correct me if i'm wrong, but isn't this what the underlying issue was in the original post, or some responses thereafter? it's not about whether an RN can turn knobs and change some settings. it's the physiology of it all, and RTs have had that education, RNs haven't. plain and simple, unless extruded from some other source. so in closing, RTs have the physiologic training and experience that they bring to the table. if RNs want to push knobs and change settings, then get the proper education, otherwise, stop assuming one knows it all. apologize if this sounds cold and abrupt, but come on, this thread has been going on long enough about the same drivel. enjoy~
    fellow RN, SRNA
  3. by   she_devil128
    LOL, good one DFK.

    Truly Yours,
    RRT, RN
  4. by   mandymcnurse
    Wow, this is getting quite heated!!
    All I wanted to say is, I have been nursing for 21 years, 19 of which has been critical care, both surgical, medical and cardiovascular. I currently work in a tiny 6 bed ICU in a small town. We do not have RT coverage when I work my weekend worker position. I was trained in large teaching hospitals in Toronto for most of my career. I am now expected to start pts on Bipap, start up the vent, make vent changes, run my own gases, alot of times with only a family physician to back me up. Scary, this I know! Fortunately, I have alot of confidence in my knowledge base, and my critical thinking abilities. That is not to say I don't call in the RT who is on call to check my set up, make changes, basically make sure everything was done right. I have a new appreciation of RT's now that I have lost that luxury at work. I realize there is so much I DON'T know about ventilating pts. The turning of the knobs, that we have all referred to in this post, is so much more that. Remember, nuclear bombs have been set off with such small gestures. There really is a great wealth of knowledge behind it. I recently became certified with Canadian Nurses Association in critical care. I know my knowledge base is strong in cardiopulmonary nursing. But, I can still afford to learn more. RT's have taught me alot. And I hope they would say the same about me. We compliment each other when we work together.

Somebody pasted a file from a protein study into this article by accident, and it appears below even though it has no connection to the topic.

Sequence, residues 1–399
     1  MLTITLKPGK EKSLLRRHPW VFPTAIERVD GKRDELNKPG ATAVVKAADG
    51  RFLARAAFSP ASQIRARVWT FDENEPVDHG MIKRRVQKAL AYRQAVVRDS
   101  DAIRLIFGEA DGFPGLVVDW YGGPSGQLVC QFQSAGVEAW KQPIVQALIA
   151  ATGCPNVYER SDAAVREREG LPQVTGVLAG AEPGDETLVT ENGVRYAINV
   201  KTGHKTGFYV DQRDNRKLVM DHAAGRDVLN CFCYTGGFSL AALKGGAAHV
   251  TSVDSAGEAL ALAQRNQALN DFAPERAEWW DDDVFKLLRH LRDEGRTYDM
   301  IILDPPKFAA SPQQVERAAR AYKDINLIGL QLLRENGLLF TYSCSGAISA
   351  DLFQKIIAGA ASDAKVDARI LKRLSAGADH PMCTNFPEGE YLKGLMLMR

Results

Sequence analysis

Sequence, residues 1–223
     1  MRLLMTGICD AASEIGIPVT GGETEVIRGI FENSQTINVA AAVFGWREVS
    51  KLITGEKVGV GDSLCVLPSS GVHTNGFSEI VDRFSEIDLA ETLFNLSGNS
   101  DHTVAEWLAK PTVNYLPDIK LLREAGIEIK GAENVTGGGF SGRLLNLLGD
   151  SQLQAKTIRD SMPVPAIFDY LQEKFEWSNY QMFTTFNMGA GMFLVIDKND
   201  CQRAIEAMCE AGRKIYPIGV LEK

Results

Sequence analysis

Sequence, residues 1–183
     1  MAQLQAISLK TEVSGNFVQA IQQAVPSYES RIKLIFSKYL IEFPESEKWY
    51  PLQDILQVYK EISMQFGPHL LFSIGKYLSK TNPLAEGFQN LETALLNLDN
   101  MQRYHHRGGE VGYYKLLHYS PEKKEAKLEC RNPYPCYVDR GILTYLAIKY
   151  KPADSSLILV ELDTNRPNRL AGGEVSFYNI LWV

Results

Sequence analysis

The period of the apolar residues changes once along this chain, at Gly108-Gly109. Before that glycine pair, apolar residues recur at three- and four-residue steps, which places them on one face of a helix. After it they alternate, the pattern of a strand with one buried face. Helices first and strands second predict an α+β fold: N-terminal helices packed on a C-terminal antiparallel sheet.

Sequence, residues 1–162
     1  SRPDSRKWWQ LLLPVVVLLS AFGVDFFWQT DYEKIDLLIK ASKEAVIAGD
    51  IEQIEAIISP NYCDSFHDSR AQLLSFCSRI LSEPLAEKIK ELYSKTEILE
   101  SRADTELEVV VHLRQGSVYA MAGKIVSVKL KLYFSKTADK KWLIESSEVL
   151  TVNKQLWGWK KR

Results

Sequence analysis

I think that is key, working together in mutual respect of each others abilities. And to not be afraid to learn from one another.
  5. by   JoanieRT2b